Heavyweight boxing appears to be on a decline and in desperate need of a charismatic champion who can bring back flair into the division. The fierce unpredictability of heavyweight boxers of the past is what brought excitement and luster to the sport, making boxing what it is today. European boxers who now dominate the heavyweight division haven’t been able to bring boxing back to where it once was. Boxers such as the Klitschko’s are often viewed as boring with little to no knockout power. There is a growing need for American heavyweights with charm, fire and personality to bring back what was once the most popular boxing division in the world.
Considering this unfortunate trend, we’ve documented the career of David “Nino” Rodriguez, an undefeated Mexican American Heavyweight boxer with great boxing potential, style and personality. Rodriguez has amassed a record of 33 wins with 31 KO's and he believes he can bring back heavyweight boxing. Rodriguez is currently ranked # 1 by WBO Latino, #10 NABF, #12 WBA, and #15 NABO. If Rodriguez succeeds he will be the 1st heavyweight champion of Mexican decent and the 1st American heavyweight world champion in many years. To accomplish this Rodriguez felt that he had to make some difficult changes in training and management.
Rodriguez’s former manager Bob Spagnolia and trainer Louie Burke often contracted him in fights throughout Mexico; matches Rodriguez believed were not benefiting his career.
Feeling that his chances of success are much greater in American soil, Rodriguez has teamed up Nino Bravo Entertainment and Zeferino Entertainment. His new team consists of his father and boxing manager David Rodriguez Sr., promoter Zeferino Ramirez, trainer Herman Delgado and sparing partner Joe Sullivan. Under his new management boxer David Rodriguez is currently preparing for a boxing match against Ty "The Tiger" Cobb (11-2, 8KO's) on February 11th in El Paso, Texas.
Steven Arredondo (SA): Juarez, Mexico, now one of the world’s most dangerous cities was once a peaceful city where many El Paso boxers would go to spar with other talented fighters. Can you tell us a little bit about your days of training and sparring in Juarez, Mexico?
David “Nino” Rodriguez (DR): Yes, It is a very rough and tough place. You definitely develop a Mexican style. I remember going to Juarez, Mexico. We used to have a drill, we would tie ropes to each others leg to only give us a certain amount of room for inside fighting and that was a tactic they only used regularly. Now of course your chances are 50/50 that you’re going to get shot. Ha, Ha, there’s no more going over there! But growing up on a boarder city I learned two different styles, the American style and the Mexican Machismo type inside fighting style which is what made me such an aggressive fighter I believe.
SA: Juarez/El Paso border region has produced numerous fierce boxers such as Fernie Morales, Rene Hererra, Juan Lazcano, Antonio Escalante, and yourself.
Do you think there is something about this region that has breed some of the top fighters in the world?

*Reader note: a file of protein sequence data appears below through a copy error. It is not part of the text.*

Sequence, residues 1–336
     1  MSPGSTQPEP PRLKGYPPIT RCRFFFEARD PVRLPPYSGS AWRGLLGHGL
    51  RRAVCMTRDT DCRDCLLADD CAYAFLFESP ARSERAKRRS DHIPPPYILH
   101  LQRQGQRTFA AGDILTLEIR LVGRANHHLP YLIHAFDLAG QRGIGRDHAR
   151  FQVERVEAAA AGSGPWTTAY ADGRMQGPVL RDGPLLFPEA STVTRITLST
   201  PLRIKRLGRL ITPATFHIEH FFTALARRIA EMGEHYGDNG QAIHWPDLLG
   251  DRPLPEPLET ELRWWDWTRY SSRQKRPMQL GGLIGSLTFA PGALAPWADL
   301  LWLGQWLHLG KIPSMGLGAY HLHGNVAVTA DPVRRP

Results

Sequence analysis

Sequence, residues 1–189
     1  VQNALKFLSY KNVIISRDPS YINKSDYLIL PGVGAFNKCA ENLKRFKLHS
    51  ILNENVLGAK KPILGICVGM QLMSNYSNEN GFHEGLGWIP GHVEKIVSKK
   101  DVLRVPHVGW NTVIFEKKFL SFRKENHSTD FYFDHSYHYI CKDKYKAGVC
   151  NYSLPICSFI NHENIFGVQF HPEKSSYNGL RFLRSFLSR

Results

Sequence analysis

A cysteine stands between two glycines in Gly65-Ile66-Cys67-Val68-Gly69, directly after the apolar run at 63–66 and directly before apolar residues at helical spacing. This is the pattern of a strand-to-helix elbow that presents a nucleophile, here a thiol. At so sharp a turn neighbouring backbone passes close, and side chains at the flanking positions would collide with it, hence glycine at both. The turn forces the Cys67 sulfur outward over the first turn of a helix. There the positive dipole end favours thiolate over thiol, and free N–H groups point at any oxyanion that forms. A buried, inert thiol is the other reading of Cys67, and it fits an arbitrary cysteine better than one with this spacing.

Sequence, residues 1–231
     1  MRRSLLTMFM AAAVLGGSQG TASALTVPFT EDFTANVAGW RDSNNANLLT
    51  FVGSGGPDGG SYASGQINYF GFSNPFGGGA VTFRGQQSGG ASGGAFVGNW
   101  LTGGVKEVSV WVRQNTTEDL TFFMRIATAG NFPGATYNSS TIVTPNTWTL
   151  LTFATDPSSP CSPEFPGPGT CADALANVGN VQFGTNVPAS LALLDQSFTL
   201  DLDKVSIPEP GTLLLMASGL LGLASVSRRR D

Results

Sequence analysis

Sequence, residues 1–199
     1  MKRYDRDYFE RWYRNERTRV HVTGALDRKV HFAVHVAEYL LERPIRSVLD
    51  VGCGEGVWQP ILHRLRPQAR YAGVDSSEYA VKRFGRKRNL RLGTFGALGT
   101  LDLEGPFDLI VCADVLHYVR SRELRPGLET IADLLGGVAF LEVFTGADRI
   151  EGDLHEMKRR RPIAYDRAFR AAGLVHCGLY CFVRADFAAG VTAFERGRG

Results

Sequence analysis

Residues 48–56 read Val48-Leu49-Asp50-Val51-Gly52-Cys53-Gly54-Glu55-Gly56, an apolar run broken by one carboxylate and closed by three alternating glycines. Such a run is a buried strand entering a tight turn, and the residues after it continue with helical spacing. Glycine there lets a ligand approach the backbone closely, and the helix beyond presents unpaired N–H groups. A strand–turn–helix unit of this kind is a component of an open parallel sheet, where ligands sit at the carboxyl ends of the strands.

DR: Yes, I believe it is such a rough place to come from, you know its really basically poverty stricken. You know ever since I was a kid I grew up fighting on the streets. I remember days when I had to run from the bus stop because I would have a pack of cholos (gang members) chasing me Ha Ha!, and then that very same day I would be in the boxing gym training and getting a bloody nose or, or a missing tooth or something like that as a kid. It’s a rough place but it’s my heart. El Paso is my heart. I love it here.
SA: You fight in the most difficult division in the world. Do you ever question or doubt your ability to compete at this level?
DR: Not at all. I feel that I am the best in this division. Because I am fast and I have a linebacker size. What I have that other fighters don’t is that I started at a very young age, I started at 5 years old. I have a killer instinct mentality. I am very vicious in the ring you know. It can also be a downfall because I kind of like to mix it up more than I should. But I feel like as I am getting older I am getting a little bit more intelligent in the ring give or take.
SA: In boxing the upper weight limit for each class is the lower limit of the next higher class? The heavyweight class has no weight limit in professional boxing. Do you feel there should be a “super-heavyweight division”, unlike other weight classes? It seems a little unfair that the heavyweight division has such a huge gap in weight. What is your opinion?
DR: I agree, its like to 205 to infinity. It’s kind of like a freak show now. The heavyweights now are like 7’3, 6 9, 6 10, I mean that is a huge advantage but they are not the most coordinated guys. But boxing is still a skill and it is a science. I think that anyone over 205, period, can punch if they hit the right way. So I think they should leave it the way it is. I have no problem fighting guys bigger than me. Some of my easiest fights have been from guy’s way bigger than I am. I think that is what makes it so interesting.
SA: Is there any heavyweight boxer out there, past or present that you feel have a similar fighting style to yours? If so, which heavyweight boxer do you compare yourself to?
DR: The only one I compare myself to is, Uh, I like to believe that I am as tenacious as Rocky Marciano. If all is going wrong in a fight I just apply the pressure and I know that there are not many heavyweights out there that can take my punches. So if I just keep throwing, keep throwing and keep coming at them, keep coming at them, I am coming at them. I think I have a very precise jab. My jab has a lot of precision on it. I need to use it more. I intend to mix it up. I think my style goes more towards Marciano Holyfield.
SA: Please tell us a little bit about “La Fieya”?